Nectar For The Pollinators

August, 2015 was a good month for pollinators in our new gardens. There were many flowers in bloom and a large variety of them with all the new native species for different types of  pollinators to enjoy. Flies, bees, moths, butterflies, wasps and hummingbirds were seen throughout the month. The Cardinal Flower was visited frequently by hummingbirds, which is always amazing to watch.

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This is a blow fly, which normally is attracted to the smell of rotting meat, but they feed on flower nectar, plant sap and other sugary materials as adults. These flies, and others, can be very effective pollinators

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To many this insect probably looks like a bee. It is black and yellow with strips, but if you look closer you’ll see this insect only has two wings that are out at an angle and its eye are large and at the front of its head. This is a Syrphid Fly, otherwise known as a Hover or Flower Fly and it is a ‘wanna-bee’. These hoverflies may not be able to carry as much pollen as bees can, but they make up for it by making a lot of visits to flowers.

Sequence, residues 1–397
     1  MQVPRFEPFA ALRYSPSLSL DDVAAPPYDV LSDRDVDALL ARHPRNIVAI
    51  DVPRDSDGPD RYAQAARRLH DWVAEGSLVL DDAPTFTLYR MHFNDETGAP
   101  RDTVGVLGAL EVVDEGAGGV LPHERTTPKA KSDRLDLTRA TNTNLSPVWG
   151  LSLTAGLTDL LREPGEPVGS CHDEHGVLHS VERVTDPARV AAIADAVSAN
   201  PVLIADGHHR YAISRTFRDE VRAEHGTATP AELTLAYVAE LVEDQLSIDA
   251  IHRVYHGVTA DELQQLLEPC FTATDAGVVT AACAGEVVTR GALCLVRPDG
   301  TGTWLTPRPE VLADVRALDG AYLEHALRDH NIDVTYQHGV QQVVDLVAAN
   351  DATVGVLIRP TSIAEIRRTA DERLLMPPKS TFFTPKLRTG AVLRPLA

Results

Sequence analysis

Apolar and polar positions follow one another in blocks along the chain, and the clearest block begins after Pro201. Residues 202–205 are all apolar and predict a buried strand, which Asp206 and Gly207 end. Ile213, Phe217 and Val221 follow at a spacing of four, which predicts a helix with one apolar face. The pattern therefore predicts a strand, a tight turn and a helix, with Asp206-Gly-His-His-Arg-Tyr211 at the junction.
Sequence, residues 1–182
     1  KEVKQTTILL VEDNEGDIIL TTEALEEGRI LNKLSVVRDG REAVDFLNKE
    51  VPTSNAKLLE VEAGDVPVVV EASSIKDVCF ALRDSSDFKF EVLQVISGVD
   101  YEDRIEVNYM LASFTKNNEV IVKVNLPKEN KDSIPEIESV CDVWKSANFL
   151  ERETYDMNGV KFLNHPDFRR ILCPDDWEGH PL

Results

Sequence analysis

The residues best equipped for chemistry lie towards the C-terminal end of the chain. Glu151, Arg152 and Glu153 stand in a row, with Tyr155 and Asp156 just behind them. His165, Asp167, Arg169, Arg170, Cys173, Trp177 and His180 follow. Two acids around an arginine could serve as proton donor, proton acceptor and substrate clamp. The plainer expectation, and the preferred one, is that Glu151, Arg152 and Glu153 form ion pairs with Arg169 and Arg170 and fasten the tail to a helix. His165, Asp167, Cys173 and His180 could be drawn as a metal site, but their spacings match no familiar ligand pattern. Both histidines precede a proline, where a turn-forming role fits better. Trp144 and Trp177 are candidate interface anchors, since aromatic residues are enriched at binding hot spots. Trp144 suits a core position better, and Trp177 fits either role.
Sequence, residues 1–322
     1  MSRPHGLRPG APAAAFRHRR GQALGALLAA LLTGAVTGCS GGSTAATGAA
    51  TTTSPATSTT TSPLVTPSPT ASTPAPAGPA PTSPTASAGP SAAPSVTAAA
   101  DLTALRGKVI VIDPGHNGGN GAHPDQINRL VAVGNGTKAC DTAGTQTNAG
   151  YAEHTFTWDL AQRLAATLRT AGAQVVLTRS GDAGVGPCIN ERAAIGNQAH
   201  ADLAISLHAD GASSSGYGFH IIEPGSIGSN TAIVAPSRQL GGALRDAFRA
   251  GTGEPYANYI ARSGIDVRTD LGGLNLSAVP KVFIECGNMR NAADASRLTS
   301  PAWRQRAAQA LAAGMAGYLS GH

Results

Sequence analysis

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As you can see in the above picture, this bee, with its eyes on the side of its head, is capturing pollen on its back legs. Their ‘pollen basket’, as it is called, is located on its hind legs.

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Bees can be very difficult to specifically identify. I am far from an expert and have had to edit posts after learning more about a specific bee. I believe the above picture is of a domesticated honey bee which were introduced by early European settlers.


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This beautiful Tiger Swallowtail visited our butterfly bush regularly.

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This Swallowtail had a lot of damage to its wings. Notice the holes and the missing edges? Did you know that you can actually fix a butterfly’s broken wing? Me neither. Check out this link to see how or watch the video below.

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